France’s ban on the Islamic veil covering the face has been rejected



PARIS – France’s new ban on the Islamic veil was greeted with a wave of defiance on Monday, as several women appeared veiled in front of Notre Dame Cathedral in Paris and two were arrested for participating in an unauthorized protest.

France on Monday became the first country to ban sails everywhere in public, from open-air markets to the sidewalks and boutiques on the Champs-Elysées.

French President Nicolas Sarkozy set the wheels in motion for the ban almost two years ago, saying the veils imprison women and contradict the values ​​of dignity and equality of this secular nation. The ban received broad public support when it was approved by parliament last year.

Although only a very small minority of France’s at least 5 million Muslims wear the veil, many Muslims see the ban as a stigma against the country’s No.2 religion.

A dozen people, including three women wearing niqab veils with just a slit for their eyes, demonstrated outside Notre Dame on Monday, saying the ban is an affront to their freedom of expression and religion.

Much larger crowds of police, journalists and tourists filled the square.

One of the veiled women was seen taken in a police van. A police officer at the site told The Associated Press that she was detained because the protest was not allowed and the woman refused to leave when asked by police. The officer was not allowed to be named publicly.

The Paris police administration said another woman was also arrested for participating in the unauthorized protest.

It was not clear whether the women were also fined for wearing a veil. The law says veiled women face a fine of $ 215 or special citizenship classes, but not jail.

Those who force women to wear the veil face up to a year in prison and a $ 43,000 fine, or even double if the person veiled is a minor.

The law is formulated to safely cross legal minefields: the words “women”, “Muslim” and “veil” are not even mentioned. The law says it is illegal to hide the face in public space.

While Italy also has a law prohibiting concealment of the face for security reasons, French law was the first to be designed to target veil wearers. Sarkozy said he wanted a ban, and that sails are not welcome in France.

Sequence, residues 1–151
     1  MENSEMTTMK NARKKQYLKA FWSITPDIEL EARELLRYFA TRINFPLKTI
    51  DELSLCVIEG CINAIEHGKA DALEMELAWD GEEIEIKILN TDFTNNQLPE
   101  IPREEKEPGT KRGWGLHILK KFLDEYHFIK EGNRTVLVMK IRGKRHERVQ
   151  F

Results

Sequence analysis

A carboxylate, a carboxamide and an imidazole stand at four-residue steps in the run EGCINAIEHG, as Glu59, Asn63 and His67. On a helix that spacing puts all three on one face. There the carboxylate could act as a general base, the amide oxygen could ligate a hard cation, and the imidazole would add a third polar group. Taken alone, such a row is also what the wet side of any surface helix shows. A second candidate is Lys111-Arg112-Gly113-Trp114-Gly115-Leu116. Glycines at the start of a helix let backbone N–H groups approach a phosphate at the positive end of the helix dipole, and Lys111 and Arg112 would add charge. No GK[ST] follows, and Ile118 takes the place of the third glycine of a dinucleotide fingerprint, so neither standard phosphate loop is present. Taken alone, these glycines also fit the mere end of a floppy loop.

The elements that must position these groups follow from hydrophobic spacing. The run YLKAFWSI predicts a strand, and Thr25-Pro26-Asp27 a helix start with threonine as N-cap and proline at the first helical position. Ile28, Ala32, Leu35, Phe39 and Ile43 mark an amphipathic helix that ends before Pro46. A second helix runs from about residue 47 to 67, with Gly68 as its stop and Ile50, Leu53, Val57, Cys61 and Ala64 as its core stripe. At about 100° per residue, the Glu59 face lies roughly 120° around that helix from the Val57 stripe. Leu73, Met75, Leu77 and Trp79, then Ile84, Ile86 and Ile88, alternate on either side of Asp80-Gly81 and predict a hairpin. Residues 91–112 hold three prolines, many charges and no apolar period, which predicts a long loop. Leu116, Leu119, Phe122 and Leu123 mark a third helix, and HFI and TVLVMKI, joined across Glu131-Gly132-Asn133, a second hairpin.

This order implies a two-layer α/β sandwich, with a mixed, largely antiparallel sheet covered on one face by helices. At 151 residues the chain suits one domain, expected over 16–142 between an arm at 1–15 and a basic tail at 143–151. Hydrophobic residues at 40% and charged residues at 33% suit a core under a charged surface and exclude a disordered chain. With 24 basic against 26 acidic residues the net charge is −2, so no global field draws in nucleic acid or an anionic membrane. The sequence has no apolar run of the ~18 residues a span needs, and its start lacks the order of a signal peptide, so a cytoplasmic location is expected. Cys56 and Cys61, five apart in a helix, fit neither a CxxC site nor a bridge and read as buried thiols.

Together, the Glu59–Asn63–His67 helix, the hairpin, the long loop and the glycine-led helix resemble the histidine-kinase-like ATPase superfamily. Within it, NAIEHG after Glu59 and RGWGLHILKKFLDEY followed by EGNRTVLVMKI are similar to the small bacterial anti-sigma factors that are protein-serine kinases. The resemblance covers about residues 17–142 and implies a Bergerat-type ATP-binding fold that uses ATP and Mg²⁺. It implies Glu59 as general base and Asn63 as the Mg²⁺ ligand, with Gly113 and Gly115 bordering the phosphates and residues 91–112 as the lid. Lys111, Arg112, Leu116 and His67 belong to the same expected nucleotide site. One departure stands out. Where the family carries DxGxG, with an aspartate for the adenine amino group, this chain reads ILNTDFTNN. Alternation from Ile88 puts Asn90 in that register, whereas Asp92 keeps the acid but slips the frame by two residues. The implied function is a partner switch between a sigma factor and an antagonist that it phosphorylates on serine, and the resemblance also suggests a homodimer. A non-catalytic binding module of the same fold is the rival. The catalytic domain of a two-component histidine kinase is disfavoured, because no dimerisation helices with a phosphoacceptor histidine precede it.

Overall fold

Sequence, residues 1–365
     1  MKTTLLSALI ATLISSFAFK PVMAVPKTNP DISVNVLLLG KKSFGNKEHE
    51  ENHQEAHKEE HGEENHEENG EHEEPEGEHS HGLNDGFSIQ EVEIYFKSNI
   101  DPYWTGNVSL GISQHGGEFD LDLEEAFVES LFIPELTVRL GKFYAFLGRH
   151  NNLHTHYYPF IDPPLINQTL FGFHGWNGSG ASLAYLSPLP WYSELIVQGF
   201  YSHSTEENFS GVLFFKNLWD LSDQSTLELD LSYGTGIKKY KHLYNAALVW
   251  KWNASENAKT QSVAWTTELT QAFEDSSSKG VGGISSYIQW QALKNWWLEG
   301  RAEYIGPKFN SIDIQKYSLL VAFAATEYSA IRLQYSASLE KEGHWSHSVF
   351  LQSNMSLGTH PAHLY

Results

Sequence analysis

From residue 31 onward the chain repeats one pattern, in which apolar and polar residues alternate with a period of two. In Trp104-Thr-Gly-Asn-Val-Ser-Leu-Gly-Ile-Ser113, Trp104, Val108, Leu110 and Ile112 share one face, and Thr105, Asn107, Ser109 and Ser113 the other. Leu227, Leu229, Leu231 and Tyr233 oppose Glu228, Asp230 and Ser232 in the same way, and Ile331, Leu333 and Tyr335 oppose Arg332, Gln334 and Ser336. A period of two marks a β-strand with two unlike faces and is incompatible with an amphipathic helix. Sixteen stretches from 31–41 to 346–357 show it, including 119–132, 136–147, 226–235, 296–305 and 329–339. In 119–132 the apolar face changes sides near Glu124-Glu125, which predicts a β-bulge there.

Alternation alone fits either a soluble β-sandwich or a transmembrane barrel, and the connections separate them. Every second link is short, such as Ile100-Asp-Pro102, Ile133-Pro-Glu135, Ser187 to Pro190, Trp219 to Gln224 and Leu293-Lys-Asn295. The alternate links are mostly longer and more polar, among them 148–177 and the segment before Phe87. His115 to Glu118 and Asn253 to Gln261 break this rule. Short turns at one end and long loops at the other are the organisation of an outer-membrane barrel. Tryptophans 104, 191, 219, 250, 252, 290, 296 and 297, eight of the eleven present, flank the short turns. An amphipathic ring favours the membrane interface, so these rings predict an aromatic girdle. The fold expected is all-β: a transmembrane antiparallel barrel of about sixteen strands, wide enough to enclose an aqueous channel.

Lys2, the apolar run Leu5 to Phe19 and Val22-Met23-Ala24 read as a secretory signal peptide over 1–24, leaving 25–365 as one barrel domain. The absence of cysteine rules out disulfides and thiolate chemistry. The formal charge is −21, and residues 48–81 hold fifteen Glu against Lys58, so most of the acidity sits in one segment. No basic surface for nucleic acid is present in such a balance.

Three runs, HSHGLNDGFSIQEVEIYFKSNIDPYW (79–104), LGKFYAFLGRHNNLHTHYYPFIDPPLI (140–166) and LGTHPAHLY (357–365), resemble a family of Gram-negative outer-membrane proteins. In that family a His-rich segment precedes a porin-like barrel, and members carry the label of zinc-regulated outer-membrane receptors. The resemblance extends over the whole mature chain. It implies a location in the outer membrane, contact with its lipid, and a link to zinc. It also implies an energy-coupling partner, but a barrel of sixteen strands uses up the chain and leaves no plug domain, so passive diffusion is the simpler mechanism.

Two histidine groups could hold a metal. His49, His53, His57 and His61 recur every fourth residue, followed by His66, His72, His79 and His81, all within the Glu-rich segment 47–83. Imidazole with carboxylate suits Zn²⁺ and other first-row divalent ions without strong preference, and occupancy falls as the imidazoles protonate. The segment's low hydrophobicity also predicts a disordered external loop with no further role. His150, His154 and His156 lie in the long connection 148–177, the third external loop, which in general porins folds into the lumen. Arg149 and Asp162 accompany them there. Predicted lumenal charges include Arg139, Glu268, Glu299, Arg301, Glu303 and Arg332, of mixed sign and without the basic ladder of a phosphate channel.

Moderate Muslim leaders in France and elsewhere agree that Islam does not require women to cover their faces, but many are uncomfortable with the veil ban. The religious leaders denounced the measure, and wonder what to advise the faithful.

The ban plans sparked protests in Pakistan last year and warnings from al Qaeda. It also has fervent Muslim tourists who are cautious, since it applies to visitors as well as to French citizens.

Authorities estimate that at most 2,000 women in France wear the illegal veil. Muslims in France are at least 5 million, the largest such population in Western Europe.

The ban affects women who wear the niqab, which has only one slit for the eyes, and the burqa, which has a mesh screen over the eyes.

Kenza Drider, who lives in Avignon and wears the niqab, calls the ban racist. She had planned to attend the demonstration on Monday.

Just before the ban went into effect, she said she would continue to do “shopping, at the post office and at the town hall if necessary. I will not stop wearing my veil under any circumstances.”

“If I am verbally warned and have to appear before the local prosecutor… I will appeal to the European Court of Human Rights,” she told AP Television News.

The veil, for her, “is a submission to God,” Drider said.

Police have complained that the law will be a challenge to enforce.

“The law will be infinitely difficult to apply, and it will be infinitely rarely applied, unfortunately”, declared Emmanuel Roux of the police union SCPN on France-Inter.

He said police were instructed not to use force to remove the veils and if a woman refused to take them off, the police officer was supposed to call the prosecutor for further legal action. Only in very extreme cases, he said, would a woman be jailed for refusing to remove a veil.

Public opinion in Paris on the morality of the application of the ban seems mixed.

“It is not a racist law. It is just a law which comes from the history of France and it must therefore be accepted if we want to integrate in France and with the French”, insisted Laurent Berrebe, economist walking through central Paris on Monday.

Nurse Olfa Belmanaa is against it. “We are in France, we are in a democratic country where everyone has the right to do what they want. If they want to wear a veil or be completely naked, that is their right.”

The ban has received strong support from France’s main left and right parties, in a country where some people equate veils with extremism and security risks. France separated church and state with a 1905 law, but has struggled in recent years to accommodate a growing Muslim population and nuances of the Muslim faith.

Police arrested 61 people on Saturday for trying to organize a banned demonstration in Paris against the current ban.

Many Muslims also felt stigmatized by a 2004 law banning the wearing of the Islamic headscarf in classrooms.



Comments are closed.